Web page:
Some years ago while looking at statistics for world class weightlifters from the 1980s, I thought I saw an almost direct relationship between age and weight class, with the top lifters in the lightest classes being around 20 years old, and those in the superheavies being around 30.
It surprised me a bit at first, but seemed to make sense: a 52-56 kg lifter would have finished growing and filling out before a superheavy. And those in the upper weight classes also have more room to play with in terms of adding muscle mass etc.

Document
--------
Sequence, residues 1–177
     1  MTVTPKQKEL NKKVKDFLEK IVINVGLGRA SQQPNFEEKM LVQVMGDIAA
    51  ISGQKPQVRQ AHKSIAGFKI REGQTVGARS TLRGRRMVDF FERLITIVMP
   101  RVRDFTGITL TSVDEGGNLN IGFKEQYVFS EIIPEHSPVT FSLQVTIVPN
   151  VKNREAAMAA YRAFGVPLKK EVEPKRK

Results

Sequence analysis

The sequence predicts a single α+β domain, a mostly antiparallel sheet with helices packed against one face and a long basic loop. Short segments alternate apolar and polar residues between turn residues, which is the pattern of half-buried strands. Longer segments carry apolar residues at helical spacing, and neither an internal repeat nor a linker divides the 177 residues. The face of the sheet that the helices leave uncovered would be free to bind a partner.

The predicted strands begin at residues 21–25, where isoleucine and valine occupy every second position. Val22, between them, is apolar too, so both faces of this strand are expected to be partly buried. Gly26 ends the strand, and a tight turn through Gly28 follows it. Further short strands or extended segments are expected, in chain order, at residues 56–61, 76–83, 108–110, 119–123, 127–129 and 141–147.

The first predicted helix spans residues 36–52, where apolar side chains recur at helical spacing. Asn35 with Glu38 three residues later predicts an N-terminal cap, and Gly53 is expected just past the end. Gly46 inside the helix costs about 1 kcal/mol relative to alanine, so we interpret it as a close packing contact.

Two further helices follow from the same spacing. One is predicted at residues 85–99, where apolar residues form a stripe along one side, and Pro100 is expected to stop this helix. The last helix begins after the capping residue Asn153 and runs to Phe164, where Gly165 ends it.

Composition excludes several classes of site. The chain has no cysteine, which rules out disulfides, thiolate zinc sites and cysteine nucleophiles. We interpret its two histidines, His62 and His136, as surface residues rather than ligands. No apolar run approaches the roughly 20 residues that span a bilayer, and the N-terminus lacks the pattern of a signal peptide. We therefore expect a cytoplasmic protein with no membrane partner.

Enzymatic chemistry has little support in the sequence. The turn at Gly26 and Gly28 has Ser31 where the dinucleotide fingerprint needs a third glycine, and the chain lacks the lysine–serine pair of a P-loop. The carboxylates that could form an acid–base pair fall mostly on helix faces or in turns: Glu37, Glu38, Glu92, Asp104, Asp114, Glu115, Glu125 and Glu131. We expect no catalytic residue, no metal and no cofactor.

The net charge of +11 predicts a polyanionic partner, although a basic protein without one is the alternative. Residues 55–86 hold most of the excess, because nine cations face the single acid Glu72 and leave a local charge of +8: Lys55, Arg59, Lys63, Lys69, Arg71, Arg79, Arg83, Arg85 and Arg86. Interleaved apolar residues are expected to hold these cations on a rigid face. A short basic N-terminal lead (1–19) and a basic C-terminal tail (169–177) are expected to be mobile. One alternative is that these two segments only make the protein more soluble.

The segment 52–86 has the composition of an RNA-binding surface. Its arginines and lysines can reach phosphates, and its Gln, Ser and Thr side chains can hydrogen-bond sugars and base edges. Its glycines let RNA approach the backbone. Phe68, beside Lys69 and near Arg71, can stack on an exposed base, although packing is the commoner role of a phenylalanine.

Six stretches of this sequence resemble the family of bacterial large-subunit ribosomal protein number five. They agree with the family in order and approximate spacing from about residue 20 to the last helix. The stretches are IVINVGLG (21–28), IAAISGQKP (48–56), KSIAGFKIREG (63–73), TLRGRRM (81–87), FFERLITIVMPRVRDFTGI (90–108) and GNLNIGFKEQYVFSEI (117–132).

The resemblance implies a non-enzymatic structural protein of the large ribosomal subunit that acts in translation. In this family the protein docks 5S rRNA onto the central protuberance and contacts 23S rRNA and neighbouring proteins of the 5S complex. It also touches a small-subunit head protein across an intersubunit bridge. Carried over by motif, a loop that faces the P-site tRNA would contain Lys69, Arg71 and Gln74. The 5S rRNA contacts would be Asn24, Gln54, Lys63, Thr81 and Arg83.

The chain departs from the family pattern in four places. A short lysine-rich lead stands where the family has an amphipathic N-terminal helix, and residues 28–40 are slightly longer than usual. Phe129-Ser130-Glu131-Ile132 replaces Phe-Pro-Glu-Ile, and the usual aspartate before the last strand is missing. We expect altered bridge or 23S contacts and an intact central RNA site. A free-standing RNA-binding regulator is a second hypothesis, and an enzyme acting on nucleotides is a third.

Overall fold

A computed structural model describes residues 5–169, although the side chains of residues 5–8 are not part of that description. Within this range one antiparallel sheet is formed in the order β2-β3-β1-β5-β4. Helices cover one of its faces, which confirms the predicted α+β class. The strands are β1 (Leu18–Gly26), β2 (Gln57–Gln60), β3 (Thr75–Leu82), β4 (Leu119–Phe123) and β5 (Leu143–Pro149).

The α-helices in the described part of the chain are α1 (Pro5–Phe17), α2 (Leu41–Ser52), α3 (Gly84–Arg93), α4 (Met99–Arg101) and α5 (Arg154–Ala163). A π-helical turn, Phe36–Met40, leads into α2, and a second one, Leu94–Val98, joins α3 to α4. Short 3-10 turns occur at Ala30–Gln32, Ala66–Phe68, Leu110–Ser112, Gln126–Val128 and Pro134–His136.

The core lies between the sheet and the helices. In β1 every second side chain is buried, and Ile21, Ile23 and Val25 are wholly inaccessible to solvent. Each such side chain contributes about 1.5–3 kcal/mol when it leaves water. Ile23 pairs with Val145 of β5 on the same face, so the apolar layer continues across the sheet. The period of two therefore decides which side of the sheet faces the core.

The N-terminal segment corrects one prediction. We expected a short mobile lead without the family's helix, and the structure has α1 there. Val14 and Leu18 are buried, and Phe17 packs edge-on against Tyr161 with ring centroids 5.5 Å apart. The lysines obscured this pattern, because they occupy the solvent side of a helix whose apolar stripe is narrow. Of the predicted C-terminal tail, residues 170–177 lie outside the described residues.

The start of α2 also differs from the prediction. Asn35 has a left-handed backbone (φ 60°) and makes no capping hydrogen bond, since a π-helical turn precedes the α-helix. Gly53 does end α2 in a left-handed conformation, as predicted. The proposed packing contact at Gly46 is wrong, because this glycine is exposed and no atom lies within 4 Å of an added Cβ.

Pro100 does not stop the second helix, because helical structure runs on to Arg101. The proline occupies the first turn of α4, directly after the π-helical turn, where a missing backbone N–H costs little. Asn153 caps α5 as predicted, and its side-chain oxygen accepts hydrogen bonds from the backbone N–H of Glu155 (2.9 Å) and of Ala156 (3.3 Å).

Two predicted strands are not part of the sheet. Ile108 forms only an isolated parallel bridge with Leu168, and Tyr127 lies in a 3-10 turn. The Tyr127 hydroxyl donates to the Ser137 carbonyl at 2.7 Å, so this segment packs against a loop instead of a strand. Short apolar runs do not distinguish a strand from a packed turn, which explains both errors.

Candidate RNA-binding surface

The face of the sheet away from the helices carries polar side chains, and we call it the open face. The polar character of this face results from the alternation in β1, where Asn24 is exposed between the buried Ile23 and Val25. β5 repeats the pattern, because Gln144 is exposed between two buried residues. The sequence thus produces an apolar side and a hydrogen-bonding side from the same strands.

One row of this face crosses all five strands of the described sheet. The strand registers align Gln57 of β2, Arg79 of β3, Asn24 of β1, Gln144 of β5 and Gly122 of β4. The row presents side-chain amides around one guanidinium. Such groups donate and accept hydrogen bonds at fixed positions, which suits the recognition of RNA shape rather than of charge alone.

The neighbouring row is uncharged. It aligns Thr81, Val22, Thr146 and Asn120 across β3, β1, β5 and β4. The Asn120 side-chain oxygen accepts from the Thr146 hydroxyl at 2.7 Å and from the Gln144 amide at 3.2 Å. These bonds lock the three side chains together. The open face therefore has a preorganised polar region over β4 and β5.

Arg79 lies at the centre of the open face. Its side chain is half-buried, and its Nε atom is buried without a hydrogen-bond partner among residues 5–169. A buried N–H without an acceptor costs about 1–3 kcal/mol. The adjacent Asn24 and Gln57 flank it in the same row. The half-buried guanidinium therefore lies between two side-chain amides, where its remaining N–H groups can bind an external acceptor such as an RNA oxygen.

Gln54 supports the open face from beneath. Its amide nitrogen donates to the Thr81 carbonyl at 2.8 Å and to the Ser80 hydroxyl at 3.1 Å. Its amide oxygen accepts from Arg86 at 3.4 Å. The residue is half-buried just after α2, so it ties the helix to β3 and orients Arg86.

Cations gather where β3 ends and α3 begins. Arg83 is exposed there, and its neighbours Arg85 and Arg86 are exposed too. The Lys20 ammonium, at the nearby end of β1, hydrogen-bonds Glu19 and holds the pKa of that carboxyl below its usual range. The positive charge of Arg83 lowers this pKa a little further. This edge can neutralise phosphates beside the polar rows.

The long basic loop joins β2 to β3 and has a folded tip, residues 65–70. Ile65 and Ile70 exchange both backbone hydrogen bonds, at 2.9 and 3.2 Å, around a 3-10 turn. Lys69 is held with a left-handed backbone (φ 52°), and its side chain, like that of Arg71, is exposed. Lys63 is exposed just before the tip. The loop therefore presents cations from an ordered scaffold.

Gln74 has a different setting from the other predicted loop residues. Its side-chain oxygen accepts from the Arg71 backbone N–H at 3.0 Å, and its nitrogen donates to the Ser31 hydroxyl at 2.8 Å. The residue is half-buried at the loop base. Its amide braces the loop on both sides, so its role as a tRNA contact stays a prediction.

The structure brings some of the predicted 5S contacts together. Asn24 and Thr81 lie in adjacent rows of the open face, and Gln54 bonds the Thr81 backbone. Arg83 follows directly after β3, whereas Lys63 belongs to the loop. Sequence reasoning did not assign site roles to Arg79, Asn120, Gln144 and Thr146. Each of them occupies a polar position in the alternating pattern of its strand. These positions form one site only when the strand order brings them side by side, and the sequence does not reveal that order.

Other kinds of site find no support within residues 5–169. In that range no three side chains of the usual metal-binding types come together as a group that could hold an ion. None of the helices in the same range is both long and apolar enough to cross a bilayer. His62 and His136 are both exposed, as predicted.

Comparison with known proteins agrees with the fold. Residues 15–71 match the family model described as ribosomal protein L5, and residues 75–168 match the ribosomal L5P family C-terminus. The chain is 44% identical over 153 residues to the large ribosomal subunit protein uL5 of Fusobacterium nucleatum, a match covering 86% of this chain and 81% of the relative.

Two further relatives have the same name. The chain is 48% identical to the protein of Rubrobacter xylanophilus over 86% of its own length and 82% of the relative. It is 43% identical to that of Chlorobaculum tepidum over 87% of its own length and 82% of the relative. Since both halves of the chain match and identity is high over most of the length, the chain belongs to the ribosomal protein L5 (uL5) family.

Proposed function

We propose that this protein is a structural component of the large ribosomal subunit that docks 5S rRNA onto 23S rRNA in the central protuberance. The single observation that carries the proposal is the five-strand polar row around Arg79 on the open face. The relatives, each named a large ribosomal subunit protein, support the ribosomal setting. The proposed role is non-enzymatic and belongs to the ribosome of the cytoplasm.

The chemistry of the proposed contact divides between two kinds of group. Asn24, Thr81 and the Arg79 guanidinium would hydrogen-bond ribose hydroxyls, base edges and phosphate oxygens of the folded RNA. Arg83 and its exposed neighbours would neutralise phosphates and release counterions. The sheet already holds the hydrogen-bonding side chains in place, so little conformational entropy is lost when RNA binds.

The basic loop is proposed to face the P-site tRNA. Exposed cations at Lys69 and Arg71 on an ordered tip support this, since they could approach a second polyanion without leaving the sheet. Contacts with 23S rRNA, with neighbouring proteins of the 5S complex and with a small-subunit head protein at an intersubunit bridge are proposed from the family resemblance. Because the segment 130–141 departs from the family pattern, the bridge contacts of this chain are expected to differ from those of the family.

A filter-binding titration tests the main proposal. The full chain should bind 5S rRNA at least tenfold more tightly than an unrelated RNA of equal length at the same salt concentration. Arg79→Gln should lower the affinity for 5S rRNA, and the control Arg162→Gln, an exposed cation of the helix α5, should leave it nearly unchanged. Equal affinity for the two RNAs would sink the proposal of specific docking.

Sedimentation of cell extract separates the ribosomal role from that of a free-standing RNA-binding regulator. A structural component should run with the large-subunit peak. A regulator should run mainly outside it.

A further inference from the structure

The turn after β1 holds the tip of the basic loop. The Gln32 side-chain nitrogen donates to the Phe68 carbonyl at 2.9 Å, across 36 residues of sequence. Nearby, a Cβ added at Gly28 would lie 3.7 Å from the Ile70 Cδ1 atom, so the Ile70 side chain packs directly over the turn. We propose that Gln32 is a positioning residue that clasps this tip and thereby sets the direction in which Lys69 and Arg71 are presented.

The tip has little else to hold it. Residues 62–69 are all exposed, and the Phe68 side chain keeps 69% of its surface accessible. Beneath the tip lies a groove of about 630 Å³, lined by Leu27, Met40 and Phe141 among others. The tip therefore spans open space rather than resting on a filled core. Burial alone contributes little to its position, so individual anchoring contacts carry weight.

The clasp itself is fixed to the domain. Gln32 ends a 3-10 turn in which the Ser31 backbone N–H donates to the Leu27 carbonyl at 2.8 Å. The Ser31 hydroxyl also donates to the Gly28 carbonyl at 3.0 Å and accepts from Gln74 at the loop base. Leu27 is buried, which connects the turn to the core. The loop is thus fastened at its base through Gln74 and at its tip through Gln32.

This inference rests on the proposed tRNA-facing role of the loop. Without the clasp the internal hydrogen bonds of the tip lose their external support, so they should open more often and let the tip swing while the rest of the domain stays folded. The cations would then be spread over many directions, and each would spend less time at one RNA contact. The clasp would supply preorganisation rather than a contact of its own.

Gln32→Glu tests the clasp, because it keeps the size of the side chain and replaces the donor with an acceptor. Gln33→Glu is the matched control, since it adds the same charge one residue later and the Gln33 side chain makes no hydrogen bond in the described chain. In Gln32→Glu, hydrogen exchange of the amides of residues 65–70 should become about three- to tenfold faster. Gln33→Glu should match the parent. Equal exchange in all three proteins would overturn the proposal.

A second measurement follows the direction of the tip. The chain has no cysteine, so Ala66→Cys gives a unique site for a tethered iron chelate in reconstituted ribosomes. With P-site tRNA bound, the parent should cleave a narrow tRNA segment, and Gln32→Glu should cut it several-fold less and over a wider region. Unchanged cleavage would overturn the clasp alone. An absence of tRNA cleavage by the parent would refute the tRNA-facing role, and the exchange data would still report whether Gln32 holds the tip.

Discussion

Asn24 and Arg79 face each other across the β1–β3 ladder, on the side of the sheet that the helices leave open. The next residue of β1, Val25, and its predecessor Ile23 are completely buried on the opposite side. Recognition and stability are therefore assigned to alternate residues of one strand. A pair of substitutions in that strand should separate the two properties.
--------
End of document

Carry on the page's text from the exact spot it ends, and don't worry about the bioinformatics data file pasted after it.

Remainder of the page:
However, I just took a look at the rankings for 2006, 2007, 2008 at www.iwf.net, and it turns out that the superheavies generally don’t peak at 30-32. Most are younger than that.
There does, however, seem to be a correlation between age and peaking or longevity. In 2007, four of the world’s top ten spots among the superheavies were taken by guys 30 years or older (Scerbathis, Jaber, Najdek, and Kleszcs) (there was a tie for third place, so you could say four of the top eleven were 30 or older.
A quick look at the lightest weight classes suggests that it is very rare to see anyone of that age among the top ten.
So it might be more accurate to say that super heavies have more longevity and/or peak in the mid to late 1980s. Someone could crunch the numbers and figure it out without too much work.
Good catch by the OP, though.